ENF testing was performed in a three-point bending mode using an Instron tensile testing machine with a crosshead speed of 1 mm/min following the protocol for interlaminar fracture testing (European Structural Integrity Society Standard) [33]. The dimensions of the ENF test samples were approximately 130 mm × 20 mm × 3.5 mm with a pre-crack length of 40 mm (Figure 13). The width and thickness of each specimen was measured to the nearest 0.025 mm at the midpoint and at 10 mm from each end. Five ENF specimens cut from the laminates using a diamond saw were used for this test. The direct beam theory described in the standard was used to calculate GIIc using the following Expression [33]:

GIIc=9a2Pδ2B(2L3+3a3)

where a is the crack length, P is the load, δ is the displacement, B is the specimen width and L is the half span.

Figure 13
Sample geometry for end notch flexure double (ENF) fracture toughness test.

3.4.3. Interlaminar Shear Test (ILSS)

The interlaminar shear test (ILSS) test was conducted in accordance with ASTM D2344 at a crosshead speed of 1 mm/min using a span to thickness ratio of 4 and length to thickness ratio of 6. All specimens were simply supported in a fixture and loaded at mid span. The ILSS was calculated as follows: ILSS = 0.75 /b*d, where represents the breaking load, b the width of specimen and d the thickness of specimen. Five specimens cut from the laminates using an Accutom fine cutting machine at a speed of 1 mm/s.

3.4.4. Dynamic and Mechanical Analysis (DMTA)

Samples cut from the laminate of approximate dimensions of 60 mm (length) × 15 mm (width) × 3.5 mm (thickness) were used. Analysis was performed in a bending deformation mode using dual cantilever geometry at a frequency of 1 Hz. The experiments were carried out between 25 °C and 250 °C at a heating rate of 2 °C/min and a strain of 0.05%. The glass transition of the polymer blend was determined at maximum of loss tangent tan (δ) curve.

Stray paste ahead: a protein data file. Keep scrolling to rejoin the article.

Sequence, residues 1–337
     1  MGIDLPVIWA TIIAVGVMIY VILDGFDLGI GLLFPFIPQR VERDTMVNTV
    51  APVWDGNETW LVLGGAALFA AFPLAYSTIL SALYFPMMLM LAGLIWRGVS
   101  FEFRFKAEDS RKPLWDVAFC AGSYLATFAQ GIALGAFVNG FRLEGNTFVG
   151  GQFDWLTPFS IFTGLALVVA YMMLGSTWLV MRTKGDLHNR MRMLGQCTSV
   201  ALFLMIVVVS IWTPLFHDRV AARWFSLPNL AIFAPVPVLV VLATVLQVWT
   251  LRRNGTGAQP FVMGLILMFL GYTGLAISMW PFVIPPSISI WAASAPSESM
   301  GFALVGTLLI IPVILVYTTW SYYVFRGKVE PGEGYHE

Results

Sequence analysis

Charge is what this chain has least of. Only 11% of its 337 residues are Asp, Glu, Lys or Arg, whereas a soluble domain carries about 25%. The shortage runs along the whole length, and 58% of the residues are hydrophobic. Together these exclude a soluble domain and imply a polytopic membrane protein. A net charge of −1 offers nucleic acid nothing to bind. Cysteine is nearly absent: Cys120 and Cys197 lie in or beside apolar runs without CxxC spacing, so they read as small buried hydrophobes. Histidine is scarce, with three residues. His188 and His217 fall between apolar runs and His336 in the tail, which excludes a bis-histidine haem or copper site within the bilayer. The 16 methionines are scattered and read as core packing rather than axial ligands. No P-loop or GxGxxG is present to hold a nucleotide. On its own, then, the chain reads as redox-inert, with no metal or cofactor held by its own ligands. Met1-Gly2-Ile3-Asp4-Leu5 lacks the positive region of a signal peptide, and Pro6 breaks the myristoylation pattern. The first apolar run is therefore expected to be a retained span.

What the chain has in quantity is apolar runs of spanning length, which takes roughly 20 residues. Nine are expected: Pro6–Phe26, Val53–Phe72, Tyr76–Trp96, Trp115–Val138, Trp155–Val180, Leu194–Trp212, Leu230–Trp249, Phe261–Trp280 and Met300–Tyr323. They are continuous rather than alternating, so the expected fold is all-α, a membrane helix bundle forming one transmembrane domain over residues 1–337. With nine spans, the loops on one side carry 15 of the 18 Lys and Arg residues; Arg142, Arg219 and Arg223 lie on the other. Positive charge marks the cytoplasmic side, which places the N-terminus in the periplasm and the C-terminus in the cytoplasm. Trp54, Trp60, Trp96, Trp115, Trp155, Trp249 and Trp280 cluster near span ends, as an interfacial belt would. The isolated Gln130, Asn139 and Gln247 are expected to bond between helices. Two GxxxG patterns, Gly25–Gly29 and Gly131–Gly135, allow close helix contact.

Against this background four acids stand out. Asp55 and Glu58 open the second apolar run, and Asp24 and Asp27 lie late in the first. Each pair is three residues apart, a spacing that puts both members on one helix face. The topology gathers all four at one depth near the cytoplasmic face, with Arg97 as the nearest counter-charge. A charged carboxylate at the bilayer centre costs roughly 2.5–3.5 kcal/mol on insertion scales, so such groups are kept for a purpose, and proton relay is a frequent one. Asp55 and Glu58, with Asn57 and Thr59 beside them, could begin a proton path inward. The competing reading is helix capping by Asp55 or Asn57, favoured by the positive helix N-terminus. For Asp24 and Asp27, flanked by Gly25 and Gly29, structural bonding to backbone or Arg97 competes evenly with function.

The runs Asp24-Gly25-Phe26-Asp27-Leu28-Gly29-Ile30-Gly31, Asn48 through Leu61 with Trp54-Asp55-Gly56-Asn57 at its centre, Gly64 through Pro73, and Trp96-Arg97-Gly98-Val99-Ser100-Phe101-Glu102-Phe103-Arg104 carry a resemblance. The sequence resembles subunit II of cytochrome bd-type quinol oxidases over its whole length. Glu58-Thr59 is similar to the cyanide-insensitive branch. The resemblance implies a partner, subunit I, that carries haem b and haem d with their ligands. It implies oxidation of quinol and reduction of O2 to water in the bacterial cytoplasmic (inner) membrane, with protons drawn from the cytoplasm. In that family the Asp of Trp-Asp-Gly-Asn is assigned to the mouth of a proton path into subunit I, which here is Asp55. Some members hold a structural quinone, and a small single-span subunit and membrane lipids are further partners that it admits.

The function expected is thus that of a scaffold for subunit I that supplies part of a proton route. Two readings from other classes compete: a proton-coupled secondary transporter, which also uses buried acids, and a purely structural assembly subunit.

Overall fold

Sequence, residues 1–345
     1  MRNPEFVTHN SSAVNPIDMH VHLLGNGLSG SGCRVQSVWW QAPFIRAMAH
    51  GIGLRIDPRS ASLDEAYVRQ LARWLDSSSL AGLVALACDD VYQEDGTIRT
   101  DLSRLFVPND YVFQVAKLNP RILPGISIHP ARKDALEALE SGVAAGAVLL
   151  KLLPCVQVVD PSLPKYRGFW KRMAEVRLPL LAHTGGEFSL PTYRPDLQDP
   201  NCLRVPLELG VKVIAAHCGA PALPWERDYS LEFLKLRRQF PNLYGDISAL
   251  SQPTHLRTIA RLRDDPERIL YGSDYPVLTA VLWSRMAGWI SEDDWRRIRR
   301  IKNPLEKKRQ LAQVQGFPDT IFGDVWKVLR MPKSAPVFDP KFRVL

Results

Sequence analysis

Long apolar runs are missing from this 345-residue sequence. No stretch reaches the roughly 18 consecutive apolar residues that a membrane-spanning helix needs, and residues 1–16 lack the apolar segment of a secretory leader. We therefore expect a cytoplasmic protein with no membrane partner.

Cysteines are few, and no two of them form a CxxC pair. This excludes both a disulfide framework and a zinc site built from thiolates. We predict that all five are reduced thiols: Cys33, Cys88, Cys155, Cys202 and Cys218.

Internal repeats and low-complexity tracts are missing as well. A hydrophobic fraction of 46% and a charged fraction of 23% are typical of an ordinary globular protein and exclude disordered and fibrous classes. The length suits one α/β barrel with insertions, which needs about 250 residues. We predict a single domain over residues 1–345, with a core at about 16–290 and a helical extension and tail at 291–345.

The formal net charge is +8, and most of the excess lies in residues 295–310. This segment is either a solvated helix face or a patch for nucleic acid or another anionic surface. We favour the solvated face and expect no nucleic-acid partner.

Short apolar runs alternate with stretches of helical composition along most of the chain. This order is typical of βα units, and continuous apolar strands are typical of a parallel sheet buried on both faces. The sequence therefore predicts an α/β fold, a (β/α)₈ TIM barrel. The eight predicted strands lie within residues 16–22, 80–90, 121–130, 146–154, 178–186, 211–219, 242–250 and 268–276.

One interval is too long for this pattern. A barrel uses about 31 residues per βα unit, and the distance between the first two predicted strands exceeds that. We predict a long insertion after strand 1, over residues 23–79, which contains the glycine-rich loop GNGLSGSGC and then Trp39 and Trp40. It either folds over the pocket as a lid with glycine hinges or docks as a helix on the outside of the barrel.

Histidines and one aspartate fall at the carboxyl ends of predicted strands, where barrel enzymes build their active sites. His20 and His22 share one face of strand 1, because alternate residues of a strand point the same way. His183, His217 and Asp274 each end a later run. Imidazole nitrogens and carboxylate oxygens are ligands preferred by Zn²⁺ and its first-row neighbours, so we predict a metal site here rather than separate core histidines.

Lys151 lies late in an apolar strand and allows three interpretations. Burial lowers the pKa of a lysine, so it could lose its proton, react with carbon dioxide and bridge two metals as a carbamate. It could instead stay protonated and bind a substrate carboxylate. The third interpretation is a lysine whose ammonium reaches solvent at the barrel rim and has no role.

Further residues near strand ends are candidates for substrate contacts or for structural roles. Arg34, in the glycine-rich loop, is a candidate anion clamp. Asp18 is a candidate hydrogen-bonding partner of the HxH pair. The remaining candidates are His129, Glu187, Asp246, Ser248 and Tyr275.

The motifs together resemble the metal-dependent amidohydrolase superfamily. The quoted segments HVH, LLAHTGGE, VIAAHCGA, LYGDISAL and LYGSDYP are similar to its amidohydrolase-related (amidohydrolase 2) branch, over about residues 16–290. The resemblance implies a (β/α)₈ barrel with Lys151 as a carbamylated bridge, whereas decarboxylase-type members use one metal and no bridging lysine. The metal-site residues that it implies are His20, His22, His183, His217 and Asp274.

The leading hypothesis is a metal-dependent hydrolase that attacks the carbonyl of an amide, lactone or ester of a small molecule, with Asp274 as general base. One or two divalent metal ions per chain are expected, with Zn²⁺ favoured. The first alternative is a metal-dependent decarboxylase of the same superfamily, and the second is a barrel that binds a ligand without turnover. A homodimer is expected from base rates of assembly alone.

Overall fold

3.4.5. Fourier Transform Infrared Spectroscopy (FTIR)

For this study, two small sections of a single ply of pre-preg material (10 mm × 10 mm), one for reference and one containing 2 wt % of phenoxy on its top surface, were cured for 10 minutes at 150 °C. In order to completely dissolve the remaining phenoxy, the materials were etched with DMF/THF (30/70 volume ratios) for 2 hours then ultra-sonicated for 10 minutes.

Infrared data were collected on a Bruker Vertex 70 FTIR in attenuated total reflectance mode using 128 scans at 6 cm−1 resolution and between 600 cm−1 and 1600 cm−1. The spectra were collected on the top surface which contained the phenoxy nanofibres for each sample. The spectra were normalised to the band at 1515 cm−1 corresponding to the absorption of the aromatic ring vibration.

3.4.6. Scanning Electron Microscopy (SEM)

The morphologies of nanofibrous membranes and the surface morphology of the composite samples after DCB and ENF fracture were observed using a scanning electron microscope (LEICA S440). The samples were vacuum coated with gold using a Balzers sputter coater. All images were taken using an accelerating voltage of 5–10 keV with a magnification between 200 times and 2000 times.

4. Conclusions

This work demonstrated that interlaminar toughening of G83C, an aerospace grade CFRC, is possible through incorporating electrospun poly(hydroxyether of bisphenol A) (phenoxy) nanofibrous membrane using a simple one step process. The formation of an inverse phase domain morphology characterised by epoxy globules (~2–5 μm) within the phenoxy-rich continuous phase has been evidenced. Although, these domains were homogeneously scattered and confined within the samples’ surface, their concentration was dependent on the phenoxy weight content. The development of these domains during cure is believed to be responsible for the observed improvements in fracture toughness through complex micromechanisms of failure such as cavitation, voiding or localised shear yielding around the epoxy globules. Furthermore, trans-reactions have been shown to occur in interfacial regions of the phase domain boundaries. It is also proposed that our interlayer method using electrospun nanofibres achieved a synergistic toughening effect through both phase separation and inter-domain etherification at the boundaries.

Acknowledgments

The authors thank Alfred Deakin Xungai Wang from the textile group at Deakin University for financial support of this research project.